Dealing with contention at family gatherings

Emily Doran

Right before Thanksgiving, a skit from Saturday Night Live featuring argumentative family members putting aside their differences and bonding over Adele’s hit single, “Hello” made its rounds on social media. While the clip was highly entertaining, poking fun at the general populace’s obsession with the British singer and her music, it revealed a much more disturbing and profound problem in American culture. Namely, this is a distinct lack of empathetic civil discourse at the individual level.

The heated political and social debates in the skit—stemming from the characters’ firmly held and, arguably, non-negotiable beliefs—are, unfortunately, reasonably accurate echoes of a legitimate issue. In particular, the notion that family members can often be viciously split over political and social issues is a problem experienced by many real families, including my own.

In fact, my family has even developed a “no-discussion-of-religion-or-politics” rule effective whenever my older siblings are home. This policy is a reality for many other people, particularly around the holidays.

To a very real degree, I can empathize with this desire to shut out certain serious and contentious issues like religion and politics during family gatherings. After all, they rarely produce any effective, thoughtful discourse. On the contrary, discussion of such topics typically devolves quite rapidly into bitter attacks on individuals (as opposed to their ideas); name-calling; determined refusals to consider another’s viewpoint; and, considering the gravity of some of these debates and their topics, horrifying realizations that many people operate from entirely different moral and ethical codes.

At the same time, many families who have reached the point of needing to impose rules that eliminate certain talking points have already seemingly exhausted every other avenue available. For example, I have sat through countless volatile debates between my family members about every heated issue imaginable, and rarely have I ever witnessed any consensus or understanding achieved. Rather than futilely continuing to rehash exhausted topics, my family chose the next logical option, which was to eliminate them altogether.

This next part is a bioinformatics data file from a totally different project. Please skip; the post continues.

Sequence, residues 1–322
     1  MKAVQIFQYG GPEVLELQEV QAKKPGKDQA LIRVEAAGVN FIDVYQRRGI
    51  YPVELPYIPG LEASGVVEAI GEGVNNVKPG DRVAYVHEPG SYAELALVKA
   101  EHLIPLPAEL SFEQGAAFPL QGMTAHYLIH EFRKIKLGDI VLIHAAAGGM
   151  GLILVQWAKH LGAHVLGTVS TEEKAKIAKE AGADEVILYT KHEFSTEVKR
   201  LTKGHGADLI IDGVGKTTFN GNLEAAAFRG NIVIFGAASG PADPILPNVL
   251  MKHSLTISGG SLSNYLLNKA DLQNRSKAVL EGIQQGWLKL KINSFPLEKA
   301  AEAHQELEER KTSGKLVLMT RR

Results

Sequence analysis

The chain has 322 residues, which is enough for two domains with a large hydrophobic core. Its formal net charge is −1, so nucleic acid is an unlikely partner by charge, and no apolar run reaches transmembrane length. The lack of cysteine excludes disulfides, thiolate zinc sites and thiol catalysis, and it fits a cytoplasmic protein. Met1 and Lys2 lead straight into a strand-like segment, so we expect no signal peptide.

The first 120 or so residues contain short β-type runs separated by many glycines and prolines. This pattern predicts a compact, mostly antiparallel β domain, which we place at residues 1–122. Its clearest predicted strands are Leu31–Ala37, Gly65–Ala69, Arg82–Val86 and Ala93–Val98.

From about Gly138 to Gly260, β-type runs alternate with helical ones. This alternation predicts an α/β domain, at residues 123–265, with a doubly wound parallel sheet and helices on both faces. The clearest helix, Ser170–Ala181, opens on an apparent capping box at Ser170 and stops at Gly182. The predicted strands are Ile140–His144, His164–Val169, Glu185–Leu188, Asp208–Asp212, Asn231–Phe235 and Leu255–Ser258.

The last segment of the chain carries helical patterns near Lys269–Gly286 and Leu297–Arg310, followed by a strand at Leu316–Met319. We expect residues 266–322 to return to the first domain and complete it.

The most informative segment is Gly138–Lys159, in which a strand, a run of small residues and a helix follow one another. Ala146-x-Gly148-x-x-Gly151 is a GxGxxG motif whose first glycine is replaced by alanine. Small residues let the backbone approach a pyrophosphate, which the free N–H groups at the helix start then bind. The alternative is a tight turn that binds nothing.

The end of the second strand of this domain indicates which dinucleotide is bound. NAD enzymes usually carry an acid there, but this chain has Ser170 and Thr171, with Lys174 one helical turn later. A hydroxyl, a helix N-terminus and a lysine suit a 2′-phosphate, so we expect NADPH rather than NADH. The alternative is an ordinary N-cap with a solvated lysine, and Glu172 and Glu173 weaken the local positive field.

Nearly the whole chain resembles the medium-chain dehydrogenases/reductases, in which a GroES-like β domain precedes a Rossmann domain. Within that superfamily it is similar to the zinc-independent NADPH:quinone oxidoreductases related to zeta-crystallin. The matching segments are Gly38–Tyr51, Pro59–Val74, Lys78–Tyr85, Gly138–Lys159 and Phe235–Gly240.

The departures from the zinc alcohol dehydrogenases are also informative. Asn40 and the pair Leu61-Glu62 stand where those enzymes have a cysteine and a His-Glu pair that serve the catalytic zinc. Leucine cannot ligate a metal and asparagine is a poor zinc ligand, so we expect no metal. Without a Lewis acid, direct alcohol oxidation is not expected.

In a broader context, this scenario creates a false dichotomy: It implies that the only two options available are silence or viciousness. In reality, this is not the case. Rare though it may be, it is both possible and necessary to engage in empathetic civil discourse in both the private and public spheres.

I cannot stress enough how important it is for individuals to keep their lines of thoughtful communication open to others in order to continue to foster healthy and fruitful discussions. You may never agree with someone else’s opinion about a certain topic, but at least you can be able to discuss your reasoning with them. You may even fundamentally disagree with a person’s moral and ethical background from which they form their opinions, but you should still be able to discuss that.

Some solutions for how to handle ideological differences between people have of course been presented, but I would argue that many of them don’t effectively address the real problem. Institutional policies that attempt to suppress and control free speech on college campuses, for example, aren’t handling the core of the issue when they put unnecessary and stifling restrictions on students. Instead, such policies could easily be construed as a large-scale version of families’ bans on certain topics at the dinner table.

In order for real change to occur, there must be a mass adjustment at the individual level. Individuals must assess the ways that they broach contentious issues with others in order to promote productive discourse. No amount of institutional restrictions will be as effective.